Jupiter Ascending review

Mila Kunis and Channing Tatum star in the Wachowskis' tale of wolf-men, royalty and space ships, Jupiter Ascending. Here's Ryan's review...

“Bees don’t lie,” assures Sean Bean. “Feel my skin!” implores Tuppence Middleton. “I love dogs,” swoons Mila Kunis. Say what you will about the Wachowskis’ space fairytale Jupiter Ascending, it’s not short of quotable lines.

Since they struck box office gold with The Matrix in 1999, the Wachowskis have turned out a string of bold films with varying success, from the bewilderingly hectic (Speed Racer) to the bravely intricate (their 2012 adaptation of Cloud Atlas, with co-director Tom Tykwer). Jupiter Ascending emerges as a manic compendium of most of their films to date: it has the dark conspiracies of The Matrix trilogy, the high-octane action sequences of Speed Racer, which whiz past your eyes in a blur of pixels, and the labyrinthine plotting of Cloud Atlas.

In essence, Jupiter Ascending is Cinderella spliced with the DNA of Flash Gordon. Mila Kunis plays Jupiter Jones, a lowly toilet cleaner living in Chicago with her bickering extended family. Little does Jupiter know that she’s descending from astral royalty; thanks to her secret lineage, she alone holds the key to Earth’s survival, which has come under the beady eye of Eddie Redmayne’s effete villain Balem Abrasax and a number of other beady-eyed tyrants.

An attempt on Jupiter’s life is foiled by half-man, half-wolf soldier Caine Wise (Channing Tatum), who swoops in like Kyle Reese on his anti-gravity boots and whisks the heroine off for an adventure on the other side of the galaxy.

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The Wachowskis have dreamed up a Rococo galactic empire that makes 2011’s John Carter look positively drab; the ships are rocket-propelled cathedrals, the buildings look like the kinds of things the architects of Naboo would have rejected for being too elaborate, and the iPads come in gold cases covered in arabesques. You know the logos of the various production companies, which always shimmer up before a movie’s opening credits? Here, even those are covered with a bramble patch of engravings.

In keeping with their surroundings, the supporting cast turn in similarly opulent performances. Eddie Redmayne’s villain whispers and then suddenly shouts like a combination of James Mason and Gary Oldman in Francis Ford Coppola’s Dracula. It’s a weird performance, but at least it’s amusing, unlike Douglas Booth’s Titus, who looks as though he’s been booked for an Abercrombie & Fitch photo shoot and is idly wondering when the bloke with the camera’s going to arrive.

For the most part, Jupiter Ascending gets by on its camp appeal, and it’s fun to hear Sean Bean (playing a half-man, half-insect space cop shorn of his wings) tell Jupiter, “Bees are genetically designed to recognise royalty,” or see firm-chested man-candy Channing Tatum float about with his pointy wolf ears. There seems to be a subversive and amusing subtext, too, where the rich are all portrayed as a bunch of vain, jewellery-obsessed weaklings with worrying mother fixations. The Wachowskis even find time to throw in references to grey aliens, crop circles and reincarnation.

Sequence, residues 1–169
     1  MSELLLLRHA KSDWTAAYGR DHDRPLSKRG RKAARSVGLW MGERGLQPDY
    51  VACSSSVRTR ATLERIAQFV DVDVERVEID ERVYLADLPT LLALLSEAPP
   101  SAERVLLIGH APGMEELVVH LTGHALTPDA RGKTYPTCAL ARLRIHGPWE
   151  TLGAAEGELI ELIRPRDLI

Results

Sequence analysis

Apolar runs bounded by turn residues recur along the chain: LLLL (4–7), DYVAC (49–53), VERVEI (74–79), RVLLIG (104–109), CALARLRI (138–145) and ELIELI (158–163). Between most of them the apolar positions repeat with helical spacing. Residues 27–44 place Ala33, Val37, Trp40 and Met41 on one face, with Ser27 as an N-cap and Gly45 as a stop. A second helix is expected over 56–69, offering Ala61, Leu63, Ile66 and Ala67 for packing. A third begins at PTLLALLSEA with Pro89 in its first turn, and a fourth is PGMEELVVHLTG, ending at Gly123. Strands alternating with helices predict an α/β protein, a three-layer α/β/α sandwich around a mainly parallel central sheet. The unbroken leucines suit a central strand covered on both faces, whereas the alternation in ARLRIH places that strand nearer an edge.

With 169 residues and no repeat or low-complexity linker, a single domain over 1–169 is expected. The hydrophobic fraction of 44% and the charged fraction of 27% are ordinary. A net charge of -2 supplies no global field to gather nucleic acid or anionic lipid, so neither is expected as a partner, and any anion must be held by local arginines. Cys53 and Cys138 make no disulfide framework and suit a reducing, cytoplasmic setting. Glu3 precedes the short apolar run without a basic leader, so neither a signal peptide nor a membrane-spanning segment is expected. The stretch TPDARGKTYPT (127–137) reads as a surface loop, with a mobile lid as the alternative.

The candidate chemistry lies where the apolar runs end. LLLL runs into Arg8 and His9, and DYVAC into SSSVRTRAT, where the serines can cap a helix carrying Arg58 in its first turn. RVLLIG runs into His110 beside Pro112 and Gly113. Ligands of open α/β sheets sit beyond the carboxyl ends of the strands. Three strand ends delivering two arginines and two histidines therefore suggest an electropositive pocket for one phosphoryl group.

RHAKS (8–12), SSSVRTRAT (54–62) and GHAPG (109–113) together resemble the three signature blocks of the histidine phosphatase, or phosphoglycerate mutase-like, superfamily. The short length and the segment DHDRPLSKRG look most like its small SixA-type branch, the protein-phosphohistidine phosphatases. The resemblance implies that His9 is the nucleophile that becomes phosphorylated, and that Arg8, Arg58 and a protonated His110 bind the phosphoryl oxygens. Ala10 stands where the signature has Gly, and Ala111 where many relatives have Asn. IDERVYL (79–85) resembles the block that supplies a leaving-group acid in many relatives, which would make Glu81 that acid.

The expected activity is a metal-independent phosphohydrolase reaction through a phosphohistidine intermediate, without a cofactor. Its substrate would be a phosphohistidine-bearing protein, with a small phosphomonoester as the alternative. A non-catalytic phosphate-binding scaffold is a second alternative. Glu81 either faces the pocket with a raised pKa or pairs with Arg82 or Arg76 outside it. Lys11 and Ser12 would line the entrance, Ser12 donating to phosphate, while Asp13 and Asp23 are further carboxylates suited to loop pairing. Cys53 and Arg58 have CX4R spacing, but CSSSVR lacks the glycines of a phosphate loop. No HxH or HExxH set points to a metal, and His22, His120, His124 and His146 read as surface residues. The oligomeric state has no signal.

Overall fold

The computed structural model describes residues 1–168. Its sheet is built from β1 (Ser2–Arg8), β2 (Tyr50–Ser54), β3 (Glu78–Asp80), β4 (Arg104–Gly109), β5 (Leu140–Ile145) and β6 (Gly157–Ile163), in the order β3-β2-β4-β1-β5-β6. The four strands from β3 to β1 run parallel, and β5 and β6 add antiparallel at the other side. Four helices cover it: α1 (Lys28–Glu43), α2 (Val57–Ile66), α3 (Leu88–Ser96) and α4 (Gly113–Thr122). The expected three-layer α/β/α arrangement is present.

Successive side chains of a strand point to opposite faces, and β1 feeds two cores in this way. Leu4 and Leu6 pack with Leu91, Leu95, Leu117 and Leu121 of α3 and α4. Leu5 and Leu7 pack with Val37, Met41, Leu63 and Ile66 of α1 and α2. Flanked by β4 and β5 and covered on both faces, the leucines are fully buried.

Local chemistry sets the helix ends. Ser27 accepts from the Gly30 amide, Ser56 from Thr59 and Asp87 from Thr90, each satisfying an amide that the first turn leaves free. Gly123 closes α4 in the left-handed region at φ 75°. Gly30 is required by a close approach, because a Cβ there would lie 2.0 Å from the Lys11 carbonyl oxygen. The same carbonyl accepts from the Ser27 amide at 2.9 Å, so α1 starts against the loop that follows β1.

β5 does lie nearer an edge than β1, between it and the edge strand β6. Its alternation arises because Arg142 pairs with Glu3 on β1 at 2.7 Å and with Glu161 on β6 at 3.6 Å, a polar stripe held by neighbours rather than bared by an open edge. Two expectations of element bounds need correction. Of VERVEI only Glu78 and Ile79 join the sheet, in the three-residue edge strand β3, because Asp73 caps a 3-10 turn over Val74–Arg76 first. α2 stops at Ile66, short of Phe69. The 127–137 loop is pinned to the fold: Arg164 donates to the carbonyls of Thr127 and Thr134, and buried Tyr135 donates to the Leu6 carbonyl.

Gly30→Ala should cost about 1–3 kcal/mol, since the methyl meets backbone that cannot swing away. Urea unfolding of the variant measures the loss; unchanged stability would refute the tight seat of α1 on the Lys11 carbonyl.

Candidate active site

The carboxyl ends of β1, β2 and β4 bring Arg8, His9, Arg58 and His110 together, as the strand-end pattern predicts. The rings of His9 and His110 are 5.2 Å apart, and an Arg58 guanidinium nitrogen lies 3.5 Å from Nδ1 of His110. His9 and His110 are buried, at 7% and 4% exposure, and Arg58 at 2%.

Conversely, the story finds worryingly little for Mila Kunis to do, which is quite curious for a female lead in a post-Hunger Games pop cultural landscape. She’s more Anastasia Steele from Fifty Shades than kick-ass heroine, and while Kunis’ performance is likeable, she spends too much of her time wearing florid dresses and waiting around for other members of the cast to jump in and rescue her.

The Wachowskis clearly have a huge budget at their disposal, but the action carries disappointingly little dramatic weight, and holds less appeal than watching Eddie Redmayne sit on his fancy throne and threaten his underlings. When an early set-piece involving the destruction of several Chicago buildings fails to raise the pulse, something’s surely gone amiss somewhere.

For its pure cheesiness, Jupiter Ascending might deserve a cautious recommendation; like Cloud Atlas, there’s something likeably batty about its more outlandish moments, such as the wonderful scene where a giant alien lizard in a leather jacket enters stage left and says to Redmayne, “Sire, something’s gone wrong at the clinic.” But it’s also important to point out that large tranches of Jupiter Ascending are also dreadfully earnest and thuddingly dull. The plot, although recalling things like Dune and even the Star Wars prequels with its dynasties and grasps for power, is predictable stuff beneath all the power plays, and you could set your watch by the various changes in fortune and last-minute rescues.

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Revelling in its pulp roots, Jupiter Ascending is eye-poppingly baroque from beginning to end, but all the bling, bees and ripe dialogue in the galaxy can’t quite mask its myriad shortcomings.

Jupiter Ascending is out in UK cinemas on the 6th February.

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2 out of 5